Fetal stem cells are superior to their adult counterparts because they have better pluripotency, greater proliferation capacity, lower senescence levels and longer telomeres. They can be used for the treatment of many diseases.4 These cells can easily be recruited in vivo by injecting Ccr2 at the site of interest and non-invasively collected at birth and biobanked.4,5 Further studies should explore the contribution of fetal microchimeric cells to the hematopoietic system in SCD, their effect on ineffective erythropoiesis, how they can be recruited efficiently in vivo and their biobanking potential. By recruiting fetal cells already in the maternal circulation, the study by Alkobtawi et al.5 gives hope for further expansion of the therapeutic options for the various co-morbidities in SCD and improvement of the quality of life of SCD patients.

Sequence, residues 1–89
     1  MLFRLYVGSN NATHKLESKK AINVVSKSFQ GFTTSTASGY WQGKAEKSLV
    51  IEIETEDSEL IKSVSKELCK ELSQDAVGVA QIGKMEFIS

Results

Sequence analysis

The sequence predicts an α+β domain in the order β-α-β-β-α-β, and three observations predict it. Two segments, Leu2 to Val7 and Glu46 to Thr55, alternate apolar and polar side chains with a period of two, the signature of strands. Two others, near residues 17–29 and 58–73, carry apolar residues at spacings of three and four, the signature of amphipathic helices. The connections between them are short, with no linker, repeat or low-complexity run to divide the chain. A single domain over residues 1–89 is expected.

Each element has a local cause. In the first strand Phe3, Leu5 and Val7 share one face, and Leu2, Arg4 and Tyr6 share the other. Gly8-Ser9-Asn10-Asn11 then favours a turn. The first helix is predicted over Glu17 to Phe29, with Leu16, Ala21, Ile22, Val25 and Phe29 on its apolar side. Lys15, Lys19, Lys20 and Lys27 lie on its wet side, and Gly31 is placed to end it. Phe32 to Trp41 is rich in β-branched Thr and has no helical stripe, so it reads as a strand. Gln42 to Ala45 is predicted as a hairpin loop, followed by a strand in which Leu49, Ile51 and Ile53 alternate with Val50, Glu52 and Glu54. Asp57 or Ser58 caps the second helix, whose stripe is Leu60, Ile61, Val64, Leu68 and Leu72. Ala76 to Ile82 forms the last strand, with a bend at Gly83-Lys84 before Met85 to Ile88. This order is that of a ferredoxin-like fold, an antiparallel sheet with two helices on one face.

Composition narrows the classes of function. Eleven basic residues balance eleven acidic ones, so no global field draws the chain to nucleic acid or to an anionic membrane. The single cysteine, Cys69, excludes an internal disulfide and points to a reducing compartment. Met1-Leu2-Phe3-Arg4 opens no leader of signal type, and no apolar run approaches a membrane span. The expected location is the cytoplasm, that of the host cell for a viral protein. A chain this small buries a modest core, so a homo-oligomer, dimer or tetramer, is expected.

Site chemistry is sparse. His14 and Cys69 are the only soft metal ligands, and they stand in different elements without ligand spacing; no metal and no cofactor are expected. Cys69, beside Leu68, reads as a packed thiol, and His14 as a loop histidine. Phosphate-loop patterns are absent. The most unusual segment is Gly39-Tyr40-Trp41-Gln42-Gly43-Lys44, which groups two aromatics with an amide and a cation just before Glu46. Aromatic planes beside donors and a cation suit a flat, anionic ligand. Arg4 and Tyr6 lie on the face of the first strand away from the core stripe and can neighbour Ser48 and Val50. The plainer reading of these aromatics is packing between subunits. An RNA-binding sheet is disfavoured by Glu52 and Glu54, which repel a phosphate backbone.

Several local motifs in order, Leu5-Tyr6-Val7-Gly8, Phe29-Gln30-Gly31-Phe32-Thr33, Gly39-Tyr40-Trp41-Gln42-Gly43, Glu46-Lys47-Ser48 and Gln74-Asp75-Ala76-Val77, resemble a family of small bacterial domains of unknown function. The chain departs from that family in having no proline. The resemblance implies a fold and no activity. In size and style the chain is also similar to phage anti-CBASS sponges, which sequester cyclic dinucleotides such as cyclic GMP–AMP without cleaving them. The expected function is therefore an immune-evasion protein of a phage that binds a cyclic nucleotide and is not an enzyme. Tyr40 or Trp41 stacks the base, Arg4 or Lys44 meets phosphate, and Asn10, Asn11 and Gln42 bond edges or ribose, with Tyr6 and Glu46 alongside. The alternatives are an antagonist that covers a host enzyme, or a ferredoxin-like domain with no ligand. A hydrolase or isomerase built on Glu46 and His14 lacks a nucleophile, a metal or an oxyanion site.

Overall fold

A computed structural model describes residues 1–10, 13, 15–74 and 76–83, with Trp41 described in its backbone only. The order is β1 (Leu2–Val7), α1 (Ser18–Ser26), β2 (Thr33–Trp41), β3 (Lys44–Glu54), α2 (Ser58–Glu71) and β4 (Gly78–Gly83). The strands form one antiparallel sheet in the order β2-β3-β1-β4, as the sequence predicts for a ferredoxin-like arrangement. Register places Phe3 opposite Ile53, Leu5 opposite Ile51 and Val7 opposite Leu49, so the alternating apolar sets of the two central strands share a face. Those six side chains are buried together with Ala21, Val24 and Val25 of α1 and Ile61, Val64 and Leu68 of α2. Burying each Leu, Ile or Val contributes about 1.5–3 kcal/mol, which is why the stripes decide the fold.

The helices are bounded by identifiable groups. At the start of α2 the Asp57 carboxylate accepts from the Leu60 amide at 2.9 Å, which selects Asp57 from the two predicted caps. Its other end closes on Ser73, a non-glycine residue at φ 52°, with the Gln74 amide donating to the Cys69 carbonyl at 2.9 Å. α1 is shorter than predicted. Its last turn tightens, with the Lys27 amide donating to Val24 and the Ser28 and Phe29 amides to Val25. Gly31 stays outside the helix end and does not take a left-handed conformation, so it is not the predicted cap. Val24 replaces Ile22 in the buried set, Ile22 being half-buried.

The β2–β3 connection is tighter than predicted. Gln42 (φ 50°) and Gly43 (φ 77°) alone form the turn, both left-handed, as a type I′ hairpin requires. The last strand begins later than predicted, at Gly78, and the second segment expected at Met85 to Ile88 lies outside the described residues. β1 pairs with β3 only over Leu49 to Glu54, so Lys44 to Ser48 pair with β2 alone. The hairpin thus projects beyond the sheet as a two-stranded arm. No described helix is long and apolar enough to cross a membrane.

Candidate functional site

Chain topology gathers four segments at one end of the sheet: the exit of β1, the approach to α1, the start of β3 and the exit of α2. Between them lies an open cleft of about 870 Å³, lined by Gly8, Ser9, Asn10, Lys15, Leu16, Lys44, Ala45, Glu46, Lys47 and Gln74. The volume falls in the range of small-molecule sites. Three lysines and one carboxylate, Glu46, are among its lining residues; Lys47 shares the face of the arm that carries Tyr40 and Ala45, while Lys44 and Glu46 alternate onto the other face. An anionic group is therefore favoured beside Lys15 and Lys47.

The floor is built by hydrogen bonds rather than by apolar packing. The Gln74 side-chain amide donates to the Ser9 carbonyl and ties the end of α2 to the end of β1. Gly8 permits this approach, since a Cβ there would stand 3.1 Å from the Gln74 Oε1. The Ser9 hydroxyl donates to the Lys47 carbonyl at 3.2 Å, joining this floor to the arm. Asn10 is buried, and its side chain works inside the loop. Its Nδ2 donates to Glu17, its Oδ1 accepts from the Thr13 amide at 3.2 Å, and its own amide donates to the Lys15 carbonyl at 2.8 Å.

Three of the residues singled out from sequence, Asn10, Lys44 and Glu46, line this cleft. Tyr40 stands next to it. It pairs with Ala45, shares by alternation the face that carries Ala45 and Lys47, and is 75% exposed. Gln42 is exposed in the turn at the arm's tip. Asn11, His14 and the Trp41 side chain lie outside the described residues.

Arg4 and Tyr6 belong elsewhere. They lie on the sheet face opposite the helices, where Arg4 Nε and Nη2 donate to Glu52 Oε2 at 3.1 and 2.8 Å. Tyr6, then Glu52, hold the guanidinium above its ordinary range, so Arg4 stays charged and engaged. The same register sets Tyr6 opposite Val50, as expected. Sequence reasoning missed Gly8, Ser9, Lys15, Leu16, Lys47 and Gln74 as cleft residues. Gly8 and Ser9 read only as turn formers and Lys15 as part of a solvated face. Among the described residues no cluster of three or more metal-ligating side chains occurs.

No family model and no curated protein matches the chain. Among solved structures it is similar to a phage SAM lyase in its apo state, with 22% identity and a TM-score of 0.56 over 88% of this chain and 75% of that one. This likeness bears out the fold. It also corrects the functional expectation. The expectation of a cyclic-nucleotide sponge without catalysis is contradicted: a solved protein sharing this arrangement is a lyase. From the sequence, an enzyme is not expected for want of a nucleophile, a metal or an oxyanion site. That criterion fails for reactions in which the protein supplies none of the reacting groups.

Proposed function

- Received December 14, 2022
- Accepted January 10, 2023
No conflicts of interest to disclose.
PS and SEH drafted, edited and approved the manuscript.
PS is supported by an NIHR Clinical Lectureship (CL-2018-17-002), an Academy of Medical Sciences Starter Grant for Clinical Lecturers (SGL023\1023) and grants from the Fetal Medicine Foundation. SEH has received funding from the European Union's Horizon 2020 research and innovation programme under the Marie Sklodowska-Curie grant agreement number 101024970.